Titrating Optimal PEEP at the Bedside
Determining what is the optimal positive end-expiratory pressure (PEEP) to use in a given patent with acute respiratory distress syndrome (ARDS) has been a controversial topic for several decades now. This controversy, no doubt, exists for two main reasons. One is that there has never been a good ‘gold-standard’ by which to judge success. The other, and more important reason, is that in all likelihood, finding optimal PEEP is an impossible task. All levels of PEEP carry both benefits and detriments. High levels of PEEP have been shown to prevent end-expiratory collapse of lung units and open previously closed units, but come at the expense of potential hemodynamic compromise and overdistention of the lungs. Lower levels of PEEP can avoid these problems but may not be sufficient to recruit or maintain open lung. Added to these difficulties is the fact that the physiology of a patient’s lung with ARDS is constantly changing with fluid shifts, inflammatory responses, body position, and even the effect of the ventilator itself.
Unable to display preview. Download preview PDF.
- 5.Ward NS, Lin D, Houtchens J, et al (2002) Successful determination of lower inflection point and maximal compliance in a population of patients with ARDS. Crit Care Med (in press)Google Scholar
- 8.Hickling KG. Best compliance during a decrementai, but not incremental, positive end-expiratory pressure trial is related to open-lung positive end-expiratory pressure: a mathematical model of acute respiratory distress syndrome lungs. Am J Respir Crit Care Med 163:69–78Google Scholar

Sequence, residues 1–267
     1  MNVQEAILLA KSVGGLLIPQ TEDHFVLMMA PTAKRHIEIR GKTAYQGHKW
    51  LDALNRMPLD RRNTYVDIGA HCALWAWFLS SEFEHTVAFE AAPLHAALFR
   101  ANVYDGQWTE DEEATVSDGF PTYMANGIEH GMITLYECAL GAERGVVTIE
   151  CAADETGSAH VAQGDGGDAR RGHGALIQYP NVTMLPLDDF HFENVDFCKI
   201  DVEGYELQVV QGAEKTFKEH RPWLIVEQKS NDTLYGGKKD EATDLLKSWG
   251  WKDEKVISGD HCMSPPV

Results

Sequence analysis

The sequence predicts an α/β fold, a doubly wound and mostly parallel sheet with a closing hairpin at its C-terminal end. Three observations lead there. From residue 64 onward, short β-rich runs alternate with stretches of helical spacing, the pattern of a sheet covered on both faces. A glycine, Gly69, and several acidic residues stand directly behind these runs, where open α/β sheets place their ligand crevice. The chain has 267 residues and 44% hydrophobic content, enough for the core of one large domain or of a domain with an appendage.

- 10.Maggiore SM, Jonson B, Richard JC, Jaber S, Lemaire F, Brochard L (2001) Alveolar derecruitment at decrementai positive end-expiratory pressure levels in acute lung injury. Comparison with the lower inflection point, oxygenation, and compliance. Am J Respir Crit Care Med 164:795–801PubMedCrossRefGoogle Scholar
- 17.Schmitt JM, Vieillard-Baron A, Augarde R, Prin S, Page B, Jardin F (2001) Positive end-ex-spiratory pressure titration in acute respiratory distress syndrome patients: impact on right ventricular outflow impedance evaluated by pulmonary artery Doppler flow velocity measurements. Crit Care Med 29:1154–1158PubMedCrossRefGoogle Scholar